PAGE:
INDIAN AIR FORCE 2 0 1 2 A u g u s t

Aerospace Safety 21


effective

solutions.

The Station

went out of its way

to minimize the BS but the

numbers only increased. The OC

team was sent hurriedly to assess the bird

environment at this particular station. When the

team reached there, it found hardly any birds in

the aircraft manoeuvring area. It was diffi cult to

understand as to which bird was striking the aircraft

and where.

The OC waited for the DNA barcode code

results to arrive and the results indicated that most

of the strikes involved were by ‘House Swifts’. In

the next trip, the team went looking for specifi c

spots where ‘House Swifts’ were active. The earlier

assertion of the OC that the bird environment was

fairly safe at the station proved right. Far away from

the station, there were Swift hot spots over the

circuit pattern which caused these incidents. The

effort put in by the station was appreciated and the

station was absolved of the responsibility for those

strikes. Specifi c modules were designed to tackle

this problem from the House Swifts.

Mammaland Insect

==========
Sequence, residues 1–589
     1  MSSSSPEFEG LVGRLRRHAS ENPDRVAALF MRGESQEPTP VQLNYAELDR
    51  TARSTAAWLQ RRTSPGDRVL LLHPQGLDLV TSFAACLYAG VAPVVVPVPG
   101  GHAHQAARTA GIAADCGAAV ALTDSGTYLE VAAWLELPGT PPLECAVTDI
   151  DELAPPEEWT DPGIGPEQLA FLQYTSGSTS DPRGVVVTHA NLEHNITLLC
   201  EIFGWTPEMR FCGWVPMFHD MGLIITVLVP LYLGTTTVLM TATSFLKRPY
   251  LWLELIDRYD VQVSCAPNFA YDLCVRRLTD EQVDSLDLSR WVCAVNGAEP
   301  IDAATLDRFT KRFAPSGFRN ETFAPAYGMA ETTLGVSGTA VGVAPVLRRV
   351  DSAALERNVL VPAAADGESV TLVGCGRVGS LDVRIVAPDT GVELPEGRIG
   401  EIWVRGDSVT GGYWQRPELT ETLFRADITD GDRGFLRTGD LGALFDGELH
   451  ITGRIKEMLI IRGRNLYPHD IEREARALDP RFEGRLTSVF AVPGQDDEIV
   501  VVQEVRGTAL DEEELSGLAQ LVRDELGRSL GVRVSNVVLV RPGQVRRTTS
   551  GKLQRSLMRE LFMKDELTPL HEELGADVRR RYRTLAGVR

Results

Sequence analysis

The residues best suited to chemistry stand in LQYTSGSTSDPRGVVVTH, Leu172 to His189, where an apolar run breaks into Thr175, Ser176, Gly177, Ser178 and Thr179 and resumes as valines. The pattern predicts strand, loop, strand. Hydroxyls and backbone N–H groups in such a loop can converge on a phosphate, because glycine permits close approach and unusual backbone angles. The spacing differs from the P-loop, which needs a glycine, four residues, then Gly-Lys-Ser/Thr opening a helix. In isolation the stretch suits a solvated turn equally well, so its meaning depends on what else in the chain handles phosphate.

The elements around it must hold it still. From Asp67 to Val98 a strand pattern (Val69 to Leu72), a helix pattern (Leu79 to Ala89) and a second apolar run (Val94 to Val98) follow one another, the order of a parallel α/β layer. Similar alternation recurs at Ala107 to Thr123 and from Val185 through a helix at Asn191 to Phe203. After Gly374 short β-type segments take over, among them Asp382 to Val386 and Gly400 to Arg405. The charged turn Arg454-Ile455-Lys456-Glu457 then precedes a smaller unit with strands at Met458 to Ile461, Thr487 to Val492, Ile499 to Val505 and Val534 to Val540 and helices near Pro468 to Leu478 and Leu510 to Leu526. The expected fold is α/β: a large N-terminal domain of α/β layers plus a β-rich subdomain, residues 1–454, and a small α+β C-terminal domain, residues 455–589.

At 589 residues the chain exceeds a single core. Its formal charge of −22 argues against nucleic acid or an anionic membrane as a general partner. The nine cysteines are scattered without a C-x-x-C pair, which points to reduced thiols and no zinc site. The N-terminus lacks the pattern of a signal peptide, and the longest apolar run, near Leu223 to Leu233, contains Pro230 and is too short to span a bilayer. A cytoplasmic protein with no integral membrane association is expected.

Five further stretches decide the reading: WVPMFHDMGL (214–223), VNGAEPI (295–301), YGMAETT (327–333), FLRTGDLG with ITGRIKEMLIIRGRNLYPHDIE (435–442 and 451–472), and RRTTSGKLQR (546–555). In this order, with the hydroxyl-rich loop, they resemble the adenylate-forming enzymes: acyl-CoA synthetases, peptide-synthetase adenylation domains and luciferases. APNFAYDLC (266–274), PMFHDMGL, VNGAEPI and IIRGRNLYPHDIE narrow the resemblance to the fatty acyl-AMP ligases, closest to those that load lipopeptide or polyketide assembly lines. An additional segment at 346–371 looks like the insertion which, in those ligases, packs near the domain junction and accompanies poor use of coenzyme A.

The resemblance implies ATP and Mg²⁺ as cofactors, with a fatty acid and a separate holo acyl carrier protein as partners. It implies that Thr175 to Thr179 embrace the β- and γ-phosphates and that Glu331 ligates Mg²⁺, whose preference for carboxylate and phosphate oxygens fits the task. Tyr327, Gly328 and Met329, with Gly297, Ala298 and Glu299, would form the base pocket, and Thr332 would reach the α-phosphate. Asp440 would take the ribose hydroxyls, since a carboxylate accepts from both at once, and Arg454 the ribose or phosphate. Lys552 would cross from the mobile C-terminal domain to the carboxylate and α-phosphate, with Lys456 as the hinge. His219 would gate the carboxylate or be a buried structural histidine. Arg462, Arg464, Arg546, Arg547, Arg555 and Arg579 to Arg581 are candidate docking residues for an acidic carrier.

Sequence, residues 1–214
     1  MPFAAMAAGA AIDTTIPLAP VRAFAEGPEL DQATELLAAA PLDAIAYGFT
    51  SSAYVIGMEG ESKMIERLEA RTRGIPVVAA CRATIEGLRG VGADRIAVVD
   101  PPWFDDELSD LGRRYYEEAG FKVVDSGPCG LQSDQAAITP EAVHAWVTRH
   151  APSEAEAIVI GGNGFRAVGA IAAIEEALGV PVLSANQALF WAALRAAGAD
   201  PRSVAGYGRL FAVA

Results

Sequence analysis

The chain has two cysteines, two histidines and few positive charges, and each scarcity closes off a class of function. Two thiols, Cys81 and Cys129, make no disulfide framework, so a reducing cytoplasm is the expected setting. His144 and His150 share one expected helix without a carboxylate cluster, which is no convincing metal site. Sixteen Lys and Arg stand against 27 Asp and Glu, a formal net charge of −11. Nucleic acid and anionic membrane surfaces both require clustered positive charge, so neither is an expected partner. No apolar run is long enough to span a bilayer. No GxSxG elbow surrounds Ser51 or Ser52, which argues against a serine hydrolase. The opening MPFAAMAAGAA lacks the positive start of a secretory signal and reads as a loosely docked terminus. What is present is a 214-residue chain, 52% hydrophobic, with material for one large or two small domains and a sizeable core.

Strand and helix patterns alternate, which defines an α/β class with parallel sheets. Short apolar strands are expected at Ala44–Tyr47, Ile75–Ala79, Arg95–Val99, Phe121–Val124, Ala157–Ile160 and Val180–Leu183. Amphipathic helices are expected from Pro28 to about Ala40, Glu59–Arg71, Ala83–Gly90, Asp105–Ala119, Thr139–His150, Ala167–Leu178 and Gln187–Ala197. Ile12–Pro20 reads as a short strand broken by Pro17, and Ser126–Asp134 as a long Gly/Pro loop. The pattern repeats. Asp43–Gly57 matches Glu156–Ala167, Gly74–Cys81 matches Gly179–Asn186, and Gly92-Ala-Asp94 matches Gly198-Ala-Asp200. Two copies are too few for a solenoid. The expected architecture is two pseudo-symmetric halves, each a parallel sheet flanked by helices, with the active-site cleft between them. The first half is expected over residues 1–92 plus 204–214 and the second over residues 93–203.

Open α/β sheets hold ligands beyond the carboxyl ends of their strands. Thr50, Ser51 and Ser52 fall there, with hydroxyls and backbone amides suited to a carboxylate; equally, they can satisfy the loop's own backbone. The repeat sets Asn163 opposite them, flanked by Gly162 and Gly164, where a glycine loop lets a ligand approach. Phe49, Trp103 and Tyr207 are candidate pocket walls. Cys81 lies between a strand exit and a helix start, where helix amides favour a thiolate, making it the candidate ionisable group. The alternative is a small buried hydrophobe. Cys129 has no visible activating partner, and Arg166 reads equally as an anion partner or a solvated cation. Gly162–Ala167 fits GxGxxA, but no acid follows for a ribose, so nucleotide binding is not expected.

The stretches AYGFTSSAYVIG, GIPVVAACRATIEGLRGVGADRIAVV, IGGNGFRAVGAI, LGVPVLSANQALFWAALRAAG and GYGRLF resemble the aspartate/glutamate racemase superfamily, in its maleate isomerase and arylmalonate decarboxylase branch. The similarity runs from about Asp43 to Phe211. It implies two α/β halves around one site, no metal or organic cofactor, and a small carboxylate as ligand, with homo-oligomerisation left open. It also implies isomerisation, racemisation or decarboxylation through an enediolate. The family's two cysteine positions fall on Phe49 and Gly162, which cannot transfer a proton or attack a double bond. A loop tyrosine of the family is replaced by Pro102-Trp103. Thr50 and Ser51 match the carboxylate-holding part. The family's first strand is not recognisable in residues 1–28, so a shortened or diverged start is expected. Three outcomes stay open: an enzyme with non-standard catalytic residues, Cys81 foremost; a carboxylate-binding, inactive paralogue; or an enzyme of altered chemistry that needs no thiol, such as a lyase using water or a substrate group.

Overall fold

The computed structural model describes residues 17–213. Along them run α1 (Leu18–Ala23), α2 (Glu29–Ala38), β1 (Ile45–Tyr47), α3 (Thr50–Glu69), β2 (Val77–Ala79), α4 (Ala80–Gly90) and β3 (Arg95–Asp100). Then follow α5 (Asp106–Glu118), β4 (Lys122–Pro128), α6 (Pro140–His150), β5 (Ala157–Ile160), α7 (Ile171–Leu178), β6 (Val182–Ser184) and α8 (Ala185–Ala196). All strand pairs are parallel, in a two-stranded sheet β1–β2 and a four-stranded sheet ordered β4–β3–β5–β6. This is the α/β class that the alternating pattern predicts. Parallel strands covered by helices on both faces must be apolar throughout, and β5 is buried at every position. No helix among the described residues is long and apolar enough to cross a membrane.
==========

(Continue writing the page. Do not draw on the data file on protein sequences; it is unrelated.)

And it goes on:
Specialization

Bird Strikes form a

large part of the wild life strike

incidents. The other strikes include

bat strikes, jackal hits, blue bull hit etc.

When the samples were sent, LaCONES

identifi ed some of the species involved

as Bats. Identifi cation of the causes of the strikes

threw up many challenges. There are more than 300

species of bats in the world of which 119 are found

in India. Their weight varies from 1.6 gm to 1.6 kg.

Of the many bat hits, it was diffi cult to understand

as to which base needed to be given priority and

for studying which type of bat, depending upon the

seriousness of threat. During the initial liaison visit,

it was learnt that a data bank of bird DNA had been

built up by LaCONES. Therefore, a request was made

to the team leader to to identify identify the bat species so that

22

Aerospace Safety

A u g u s t 2 0 1 2

some measures could be instituted. LaCONES

promptly identifi ed the Bat species involved in

the strikes. Since then, specifi c stations for the

study and implementation of modules have been

prioritized. Bat ecological studies of certain bases

will be conducted by Salim Ali Centre for

Ornithology & Natural History

(SACON) and we

hope

to tackle

the bat menace in a more

effective manner in the future.

Another interesting result that emerged from

LaCONES was the identifi cation of the species

involved as Dragonfl y, which is an insect. In